Cities jail people at rates that have little to no correlation to their violent crime rates, police budgets, or jail budgets.

by Tiana Herring, May 4, 2021

Why do some places incarcerate people at much higher rates than others? We considered this question in 2019, when we compared prison incarceration rates across U.S. counties, finding a wide range that loosely correlated to the respective state imprisonment rates. Now, we can do the same for jail incarceration rates. While it’s difficult to find jail incarceration data at the city level, this data is available by county in the Vera Institute of Justice’s Incarceration Trends Database. Using this database, we considered 63 highly populated cities,1 and calculated the overall jail incarceration rate and pretrial detention rate of each city’s surrounding county.2 We found that, like prison incarceration rates, jail detention rates vary significantly. But unlike our study of prison incarceration rates, we could find no obvious explanation: neither violent crime rates, local police budgets, nor local jail budgets explained the large differences from city to city. These variations mean that your chances of being put in jail can depend on something as arbitrary as the city you live in.

Jail and pretrial detention rates are important for showing just how deeply mass incarceration is affecting your local community. Jails are the “front door” of the criminal justice system. In 2019 alone, there were more than 10.3 million admissions into U.S. jails. Black and low-income people are disproportionately affected by repeat arrests, and are more likely to be held pretrial simply because they cannot afford bail, perpetuating the cycle of poverty and incarceration. Even short stays in jail can have a major impact on people’s livelihoods, threatening their ability to keep their jobs and housing, and straining familial relationships. This harm is unnecessary, though; as our research has shown, reforms that allow more people to return home pretrial were not associated with rising crime rates in the states, cities, and counties we analyzed.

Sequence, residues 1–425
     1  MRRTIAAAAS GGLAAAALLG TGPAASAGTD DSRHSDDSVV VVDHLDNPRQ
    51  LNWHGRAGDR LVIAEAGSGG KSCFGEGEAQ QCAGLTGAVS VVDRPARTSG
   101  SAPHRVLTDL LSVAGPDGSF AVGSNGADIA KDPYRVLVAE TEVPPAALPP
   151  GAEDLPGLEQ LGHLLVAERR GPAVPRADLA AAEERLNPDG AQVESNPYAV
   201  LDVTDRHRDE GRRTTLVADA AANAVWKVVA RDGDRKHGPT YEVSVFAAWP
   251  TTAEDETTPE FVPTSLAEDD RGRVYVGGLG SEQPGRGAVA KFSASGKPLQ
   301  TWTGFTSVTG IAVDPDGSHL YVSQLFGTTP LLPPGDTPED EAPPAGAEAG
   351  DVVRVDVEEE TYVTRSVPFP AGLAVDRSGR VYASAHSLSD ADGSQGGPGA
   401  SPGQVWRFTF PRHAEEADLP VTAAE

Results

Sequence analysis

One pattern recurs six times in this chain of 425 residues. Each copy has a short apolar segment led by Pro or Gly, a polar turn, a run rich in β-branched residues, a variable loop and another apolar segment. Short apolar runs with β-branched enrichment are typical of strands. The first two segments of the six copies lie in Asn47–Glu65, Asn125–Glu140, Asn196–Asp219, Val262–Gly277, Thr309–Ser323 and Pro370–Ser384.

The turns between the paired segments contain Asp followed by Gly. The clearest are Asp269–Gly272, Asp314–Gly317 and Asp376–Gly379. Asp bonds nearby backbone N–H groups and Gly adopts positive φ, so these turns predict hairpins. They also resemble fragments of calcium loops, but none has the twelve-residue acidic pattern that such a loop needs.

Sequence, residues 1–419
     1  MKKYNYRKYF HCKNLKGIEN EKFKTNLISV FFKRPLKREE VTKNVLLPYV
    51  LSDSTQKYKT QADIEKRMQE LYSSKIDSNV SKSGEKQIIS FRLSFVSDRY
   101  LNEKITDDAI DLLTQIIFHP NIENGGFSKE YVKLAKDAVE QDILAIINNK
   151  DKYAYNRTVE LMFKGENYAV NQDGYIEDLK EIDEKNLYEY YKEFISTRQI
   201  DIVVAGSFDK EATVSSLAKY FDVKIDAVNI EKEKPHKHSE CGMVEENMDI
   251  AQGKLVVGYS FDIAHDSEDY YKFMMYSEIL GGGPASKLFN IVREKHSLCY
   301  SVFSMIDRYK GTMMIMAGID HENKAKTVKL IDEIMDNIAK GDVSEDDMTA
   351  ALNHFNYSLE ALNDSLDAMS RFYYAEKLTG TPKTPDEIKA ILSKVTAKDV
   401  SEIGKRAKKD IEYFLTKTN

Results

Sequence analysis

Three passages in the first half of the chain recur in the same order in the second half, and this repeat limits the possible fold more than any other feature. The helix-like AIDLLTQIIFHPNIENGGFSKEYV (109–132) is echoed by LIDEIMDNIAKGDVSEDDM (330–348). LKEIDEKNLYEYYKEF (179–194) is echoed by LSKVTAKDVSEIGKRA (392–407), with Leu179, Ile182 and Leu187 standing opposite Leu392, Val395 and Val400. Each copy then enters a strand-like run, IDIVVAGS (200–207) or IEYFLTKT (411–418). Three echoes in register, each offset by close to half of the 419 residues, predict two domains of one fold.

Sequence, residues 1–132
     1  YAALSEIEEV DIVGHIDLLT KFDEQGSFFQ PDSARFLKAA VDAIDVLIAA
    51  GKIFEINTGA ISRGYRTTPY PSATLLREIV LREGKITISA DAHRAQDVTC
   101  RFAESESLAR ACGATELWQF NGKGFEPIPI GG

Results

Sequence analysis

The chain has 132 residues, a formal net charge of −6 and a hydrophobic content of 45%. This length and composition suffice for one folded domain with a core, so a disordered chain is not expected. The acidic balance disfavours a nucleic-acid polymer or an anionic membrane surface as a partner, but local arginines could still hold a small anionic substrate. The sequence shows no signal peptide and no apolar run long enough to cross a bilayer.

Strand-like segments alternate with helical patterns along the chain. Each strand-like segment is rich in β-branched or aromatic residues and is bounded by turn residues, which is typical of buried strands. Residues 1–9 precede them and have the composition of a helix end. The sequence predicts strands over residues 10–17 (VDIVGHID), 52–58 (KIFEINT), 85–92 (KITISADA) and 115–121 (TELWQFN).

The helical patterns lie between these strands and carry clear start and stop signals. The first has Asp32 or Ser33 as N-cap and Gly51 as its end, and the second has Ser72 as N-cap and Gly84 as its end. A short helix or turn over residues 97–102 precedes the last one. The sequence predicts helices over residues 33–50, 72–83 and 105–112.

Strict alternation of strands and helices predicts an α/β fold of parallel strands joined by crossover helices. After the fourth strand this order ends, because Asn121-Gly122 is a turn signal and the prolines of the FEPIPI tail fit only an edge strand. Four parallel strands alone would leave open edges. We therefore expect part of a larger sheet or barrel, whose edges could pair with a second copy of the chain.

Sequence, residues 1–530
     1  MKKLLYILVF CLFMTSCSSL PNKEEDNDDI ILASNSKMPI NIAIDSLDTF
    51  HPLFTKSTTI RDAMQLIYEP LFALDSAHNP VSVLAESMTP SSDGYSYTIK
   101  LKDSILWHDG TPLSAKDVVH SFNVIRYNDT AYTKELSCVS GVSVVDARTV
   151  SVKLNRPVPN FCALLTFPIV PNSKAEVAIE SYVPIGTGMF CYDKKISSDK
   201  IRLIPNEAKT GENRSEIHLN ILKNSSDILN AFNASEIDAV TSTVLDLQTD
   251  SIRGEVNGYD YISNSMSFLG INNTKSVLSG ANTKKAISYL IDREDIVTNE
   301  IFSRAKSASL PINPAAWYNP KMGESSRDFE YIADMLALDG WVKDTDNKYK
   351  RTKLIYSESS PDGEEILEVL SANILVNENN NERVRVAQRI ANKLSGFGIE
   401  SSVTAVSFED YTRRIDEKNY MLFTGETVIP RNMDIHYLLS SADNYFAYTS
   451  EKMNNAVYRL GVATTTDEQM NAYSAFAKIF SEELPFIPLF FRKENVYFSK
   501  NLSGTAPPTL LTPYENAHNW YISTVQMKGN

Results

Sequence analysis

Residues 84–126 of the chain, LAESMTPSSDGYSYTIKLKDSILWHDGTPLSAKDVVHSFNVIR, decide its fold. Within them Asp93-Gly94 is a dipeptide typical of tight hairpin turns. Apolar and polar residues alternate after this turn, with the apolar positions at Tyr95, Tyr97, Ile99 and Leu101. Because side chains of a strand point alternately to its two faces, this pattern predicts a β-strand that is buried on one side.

Rates are per 100,000 county residents. In its database, the Vera Institute of Justice presents rates for counties per 100,000 residents aged 15-64. For our analysis, we recalculated the rates using the counties’ total populations, using population counts from the Vera Institute of Justice’s downloadable dataset, to make the figures comparable to other criminal justice data. The data exclude people held in jails on behalf of federal authorities, such as U.S. Immigration and Customs Enforcement and U.S. Marshals Service.
City State County Jail detention rate (per 100,000 county residents) Pretrial detention rate (per 100,000 county residents)
Memphis Tenn. Shelby County 491 245
New Orleans La. Orleans Parish 397 301
St. Louis Mo. None 393 395
Philadelphia Pa. Philadelphia County 389 257
Nashville Tenn. Davidson County 361 191
Baltimore Md. None 331 330
Virginia Beach Va. None 328 148
Louisville Ky. Jefferson County 308 171
Fresno Calif. Fresno County 305 221
Jacksonville Fla. Duval County 297 119
Denver Colo. Denver County 295 205
Washington, D.C. D.C. None 294 158
Charleston S.C. Charleston County 286 229
Atlanta Ga. Fulton County 279 198
Colorado Springs Colo. El Paso County 279 111
El Paso Texas El Paso County 277 177
Little Rock Ark. Pulaski County 272 203
Newark N.J. Essex County 262 242
Jackson Miss. Hinds County 259 252
Charleston W. Va. Kanawha County 254 193
Las Vegas Nev. Clark County 251 132
Indianapolis Ind. Marion County 249 189
Birmingham Ala. Jefferson County 249 179
Tulsa Okla. Tulsa County 248 172
Billings Mont. Yellowstone County 246 224
Oklahoma City Okla. Oklahoma County 243 173
Milwaukee Wis. Milwaukee County 240 126
Sacramento Calif. Sacramento County 235 116
Boise Idaho Ada County 232 205
Wichita Kan. Sedgwick County 230 171
Omaha Neb. Douglas County 225 204
Cheyenne Wyo. Laramie County 223 201
Tampa Fla. Hillsborough County 211 145
Salt Lake City Utah Salt Lake County 208 191